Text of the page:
Breaking Down Total Tire Cost - Tire Review Magazine

Breaking Down Total Tire Cost

Commercial fleets measure the success of their tire program primarily through the cost/mile metric. One might think that the cost/mile metric would be a simple calculation, but it is quite a complex process that requires a thorough understanding of all the pieces and parts.

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Replacing tires on the road poses different costs issues including the price of the tire, the cost of the road-side service, and the cost of downtime.

The process begins with the purchase of a new tire. The tire cost will be different if the tires are replacement tires or come as OE on new vehicles, and will vary further depending on steer, drive, trailer and dolly-wheel positions. You will also need to include federal excise tax in your calculations.

Retread tire costs are even more involved. If the fleet supplies its own casing, then there is one cost; other occasions you will need to purchase both the retreading and casing.

Replacing tires on the road pose a different set of costs. Not only does the price of the new replacement tire or retread need to be included in your calculation, but there is also the cost of a tire-related roadside service call. The key here is to distinguish between a roadside service call that is non-tire related versus one involving a tire.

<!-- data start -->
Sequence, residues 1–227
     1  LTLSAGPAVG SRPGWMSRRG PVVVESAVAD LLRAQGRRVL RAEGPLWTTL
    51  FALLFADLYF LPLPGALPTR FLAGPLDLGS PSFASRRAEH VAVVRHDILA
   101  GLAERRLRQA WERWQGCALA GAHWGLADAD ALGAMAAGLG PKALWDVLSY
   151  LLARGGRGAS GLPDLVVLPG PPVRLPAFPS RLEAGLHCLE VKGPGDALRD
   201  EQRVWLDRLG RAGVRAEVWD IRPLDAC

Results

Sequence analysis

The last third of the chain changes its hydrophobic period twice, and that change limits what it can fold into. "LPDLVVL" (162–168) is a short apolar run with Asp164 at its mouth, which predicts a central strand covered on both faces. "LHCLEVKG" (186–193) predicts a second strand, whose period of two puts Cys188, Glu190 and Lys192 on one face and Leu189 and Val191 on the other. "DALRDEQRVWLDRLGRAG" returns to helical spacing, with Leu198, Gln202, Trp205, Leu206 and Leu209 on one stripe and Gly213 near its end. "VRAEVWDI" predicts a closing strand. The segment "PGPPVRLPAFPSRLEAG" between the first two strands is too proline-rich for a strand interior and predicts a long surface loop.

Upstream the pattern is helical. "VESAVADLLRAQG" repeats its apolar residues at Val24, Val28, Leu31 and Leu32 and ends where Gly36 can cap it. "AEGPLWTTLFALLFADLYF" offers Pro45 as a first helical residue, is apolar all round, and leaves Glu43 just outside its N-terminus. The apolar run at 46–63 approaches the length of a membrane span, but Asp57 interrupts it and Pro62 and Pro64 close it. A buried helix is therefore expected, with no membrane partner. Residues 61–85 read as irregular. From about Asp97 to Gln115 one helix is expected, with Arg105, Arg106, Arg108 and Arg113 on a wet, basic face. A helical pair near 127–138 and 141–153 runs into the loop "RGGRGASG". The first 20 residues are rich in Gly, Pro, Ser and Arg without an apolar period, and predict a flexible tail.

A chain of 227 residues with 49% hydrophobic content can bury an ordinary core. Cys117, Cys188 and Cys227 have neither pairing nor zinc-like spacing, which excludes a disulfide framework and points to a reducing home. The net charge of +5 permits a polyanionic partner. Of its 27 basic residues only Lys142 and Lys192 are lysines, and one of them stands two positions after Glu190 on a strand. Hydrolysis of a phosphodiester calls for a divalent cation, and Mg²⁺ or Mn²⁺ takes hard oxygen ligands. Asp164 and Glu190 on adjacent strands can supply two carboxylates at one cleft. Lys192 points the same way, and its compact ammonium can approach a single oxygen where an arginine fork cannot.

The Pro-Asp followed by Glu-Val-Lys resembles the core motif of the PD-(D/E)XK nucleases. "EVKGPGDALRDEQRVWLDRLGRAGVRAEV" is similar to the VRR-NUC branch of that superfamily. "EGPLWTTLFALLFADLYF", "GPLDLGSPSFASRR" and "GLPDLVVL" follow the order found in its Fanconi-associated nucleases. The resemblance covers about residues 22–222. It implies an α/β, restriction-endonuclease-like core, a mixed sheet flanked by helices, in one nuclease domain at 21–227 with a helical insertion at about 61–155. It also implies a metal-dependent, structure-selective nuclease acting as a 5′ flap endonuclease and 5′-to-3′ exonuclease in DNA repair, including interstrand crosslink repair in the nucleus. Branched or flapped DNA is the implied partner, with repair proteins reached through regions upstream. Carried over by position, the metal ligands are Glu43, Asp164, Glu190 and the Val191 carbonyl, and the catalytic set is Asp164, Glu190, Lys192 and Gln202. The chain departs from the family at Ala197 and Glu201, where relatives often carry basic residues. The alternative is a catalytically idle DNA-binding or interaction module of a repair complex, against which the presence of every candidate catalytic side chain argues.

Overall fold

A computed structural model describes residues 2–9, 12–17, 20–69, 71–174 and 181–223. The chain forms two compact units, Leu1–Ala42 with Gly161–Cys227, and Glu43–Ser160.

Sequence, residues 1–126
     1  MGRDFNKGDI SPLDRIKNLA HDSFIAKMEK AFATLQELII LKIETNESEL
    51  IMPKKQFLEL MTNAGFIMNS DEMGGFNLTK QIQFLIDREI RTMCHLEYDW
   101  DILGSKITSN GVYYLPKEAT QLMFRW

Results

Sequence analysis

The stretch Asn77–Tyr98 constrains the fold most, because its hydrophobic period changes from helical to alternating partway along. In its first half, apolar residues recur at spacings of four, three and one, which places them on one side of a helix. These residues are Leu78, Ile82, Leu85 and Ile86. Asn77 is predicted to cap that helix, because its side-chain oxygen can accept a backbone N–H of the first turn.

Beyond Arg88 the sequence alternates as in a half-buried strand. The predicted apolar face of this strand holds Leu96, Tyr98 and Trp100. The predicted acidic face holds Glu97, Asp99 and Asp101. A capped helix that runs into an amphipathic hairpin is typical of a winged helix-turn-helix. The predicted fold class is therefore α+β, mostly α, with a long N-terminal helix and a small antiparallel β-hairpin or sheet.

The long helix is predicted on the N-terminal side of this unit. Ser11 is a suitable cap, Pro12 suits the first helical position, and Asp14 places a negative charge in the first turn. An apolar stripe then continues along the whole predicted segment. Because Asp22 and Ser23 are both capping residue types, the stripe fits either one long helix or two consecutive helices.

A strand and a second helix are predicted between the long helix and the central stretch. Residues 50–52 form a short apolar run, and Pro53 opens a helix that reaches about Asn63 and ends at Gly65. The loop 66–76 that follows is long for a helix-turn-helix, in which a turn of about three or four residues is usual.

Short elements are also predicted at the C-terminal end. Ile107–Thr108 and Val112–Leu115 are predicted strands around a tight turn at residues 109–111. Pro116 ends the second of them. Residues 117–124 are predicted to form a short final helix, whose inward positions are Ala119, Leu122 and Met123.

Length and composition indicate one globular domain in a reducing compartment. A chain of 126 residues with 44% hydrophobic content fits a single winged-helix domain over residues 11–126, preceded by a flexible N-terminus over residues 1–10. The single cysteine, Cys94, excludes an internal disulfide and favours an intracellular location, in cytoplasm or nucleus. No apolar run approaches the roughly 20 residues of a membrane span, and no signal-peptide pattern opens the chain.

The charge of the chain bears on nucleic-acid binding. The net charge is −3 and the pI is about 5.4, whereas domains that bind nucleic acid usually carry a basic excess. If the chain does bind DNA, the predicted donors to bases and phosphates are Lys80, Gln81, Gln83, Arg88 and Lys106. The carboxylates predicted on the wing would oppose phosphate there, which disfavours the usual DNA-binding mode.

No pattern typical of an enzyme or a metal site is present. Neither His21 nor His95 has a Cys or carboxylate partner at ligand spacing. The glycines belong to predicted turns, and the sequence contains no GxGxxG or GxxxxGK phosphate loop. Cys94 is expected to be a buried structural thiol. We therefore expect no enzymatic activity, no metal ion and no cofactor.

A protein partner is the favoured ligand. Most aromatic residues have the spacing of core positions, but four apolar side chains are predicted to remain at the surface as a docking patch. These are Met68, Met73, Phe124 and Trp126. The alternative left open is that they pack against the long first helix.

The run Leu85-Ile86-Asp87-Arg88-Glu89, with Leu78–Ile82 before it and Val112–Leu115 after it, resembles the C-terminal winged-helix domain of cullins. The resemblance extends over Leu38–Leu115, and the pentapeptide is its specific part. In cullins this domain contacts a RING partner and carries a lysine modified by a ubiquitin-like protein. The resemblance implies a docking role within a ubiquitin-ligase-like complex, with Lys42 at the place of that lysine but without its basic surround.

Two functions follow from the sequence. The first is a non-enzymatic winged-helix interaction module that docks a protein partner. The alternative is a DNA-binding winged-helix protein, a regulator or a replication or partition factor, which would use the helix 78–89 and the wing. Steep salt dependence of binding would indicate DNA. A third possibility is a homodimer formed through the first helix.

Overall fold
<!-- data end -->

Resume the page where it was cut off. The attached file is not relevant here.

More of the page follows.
Roadside service calls are a big expense for fleets, and the costs only go up when the calls occur after normal business hours. The cost is based on the total time of the call plus the replacement tire, and sometimes the wheel.

Tire repairs are another expense fleets consider. Sometimes repairs are made in-house; other times, tire dealers or retreaders make the repairs. If the repairs are made in-house, you need to factor in the cost of repair materials and labor.

Tires have a direct effect on vehicle fuel economy, and that is an important metric for many fleets. The cost of spec’ing fuel-efficient tires is higher than the standard, non-fuel efficient version. This goes for both new tires and retreads.

Fleets want to know if spec’ing fuel-efficient tires is really making an impact to their bottom lines. The total number of gallons of fuel purchased per month and the total dollar amount should be included in the overall total tire cost analysis. Vehicle fuel efficiency improvement of even 2% typically outweighs any loss in removal miles associated with using fuel-efficient tires.

Many fuel-efficient drive tire designs have 3/32-inch or 4/32-inch less tread depth compared to a non-fuel efficient version. This results in lowered removal miles, but the fuel-efficient improvement may win out when it comes to the fleet’s bottom line.

An additional piece of the tire cost analysis equation is warranty and adjustments. These reimbursement costs occur for both new tires and retreads and should be included in the credits calculation.

Another possible credit is when a fleet sells used tires, casings and even scrap tires. Tire dealers occasionally offer year-end or quarterly rebates to fleets based on total tires purchased or a dollar amount. Again, those credits must also be part of the tire cost equation.